“My wife says, ‘Camping is a tradition in my family’. It was a tradition in everyone’s family until we invented the house.” I often think of that joke by American comedian Jim Gaffigan when I’m lying in a tent at night, the rain hammering away beside me.
We’re off camping again, among millions who will take advantage of our non-ability to go anywhere hot without hassle by sitting under a canvas, wearing two jumpers at night and trying to find a comfortable position to read with a head torch.
Like many fellow metropolitan ponces, my destination of choice would be the south of France, one of the push factors being that England is so expensive to holiday in. With just 250,000 second homes compared to France’s 3 million, our summer housing market manages to be more acute than our normal kind.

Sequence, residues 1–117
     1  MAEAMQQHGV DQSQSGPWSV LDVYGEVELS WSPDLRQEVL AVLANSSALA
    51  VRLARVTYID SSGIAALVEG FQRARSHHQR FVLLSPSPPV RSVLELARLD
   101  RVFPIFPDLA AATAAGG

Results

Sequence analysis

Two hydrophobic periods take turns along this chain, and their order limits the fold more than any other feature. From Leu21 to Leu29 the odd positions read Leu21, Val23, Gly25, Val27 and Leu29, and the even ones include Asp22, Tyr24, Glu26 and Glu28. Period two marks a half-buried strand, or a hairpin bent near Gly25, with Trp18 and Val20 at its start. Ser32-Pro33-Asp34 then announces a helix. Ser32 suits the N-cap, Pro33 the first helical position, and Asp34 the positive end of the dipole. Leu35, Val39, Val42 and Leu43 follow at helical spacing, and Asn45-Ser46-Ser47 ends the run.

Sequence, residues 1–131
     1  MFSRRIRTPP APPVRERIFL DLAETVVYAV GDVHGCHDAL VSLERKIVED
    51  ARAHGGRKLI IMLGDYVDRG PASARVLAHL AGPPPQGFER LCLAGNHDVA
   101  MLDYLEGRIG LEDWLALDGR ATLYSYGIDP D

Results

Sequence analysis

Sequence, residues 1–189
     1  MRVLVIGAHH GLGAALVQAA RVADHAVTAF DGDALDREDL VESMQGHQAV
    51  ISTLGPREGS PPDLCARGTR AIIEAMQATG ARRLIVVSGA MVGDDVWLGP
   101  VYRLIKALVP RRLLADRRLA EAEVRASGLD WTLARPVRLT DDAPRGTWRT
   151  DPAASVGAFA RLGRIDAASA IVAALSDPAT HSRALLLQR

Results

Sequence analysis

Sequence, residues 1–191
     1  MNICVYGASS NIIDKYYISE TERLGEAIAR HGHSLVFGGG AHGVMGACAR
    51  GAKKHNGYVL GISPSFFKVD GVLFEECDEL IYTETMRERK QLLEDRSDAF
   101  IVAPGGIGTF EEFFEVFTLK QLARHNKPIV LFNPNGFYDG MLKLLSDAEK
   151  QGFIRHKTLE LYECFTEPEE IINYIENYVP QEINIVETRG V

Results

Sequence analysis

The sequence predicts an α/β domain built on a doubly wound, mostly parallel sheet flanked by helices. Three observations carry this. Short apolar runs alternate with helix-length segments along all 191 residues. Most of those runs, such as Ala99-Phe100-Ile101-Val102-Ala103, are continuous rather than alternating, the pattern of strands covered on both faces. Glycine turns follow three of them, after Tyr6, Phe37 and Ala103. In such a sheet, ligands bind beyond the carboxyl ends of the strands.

And so we go back to nature.
Britain, and England in particular, is very urban. It is the most cultivated, and most artificial of countries, with a population almost uniquely disconnected from nature. This explains our extreme sentimentality towards animals — at the time of writing the alpaca is still alive — and our romantic ideas about the countryside, which co-exist with a callous indifference to its destruction, both of native species and river life from pollution.
It also explains why we are such a nation of campers, despite having a climate almost comically unsuited towards the pastime. Camping has proved a strangely resilient form of holiday, despite people having more disposable income in general, and more distant trips becoming affordable. Our family never went camping as children, and I don’t even remember friends who ever tried it, yet almost every parent I know now does it, often quite regularly.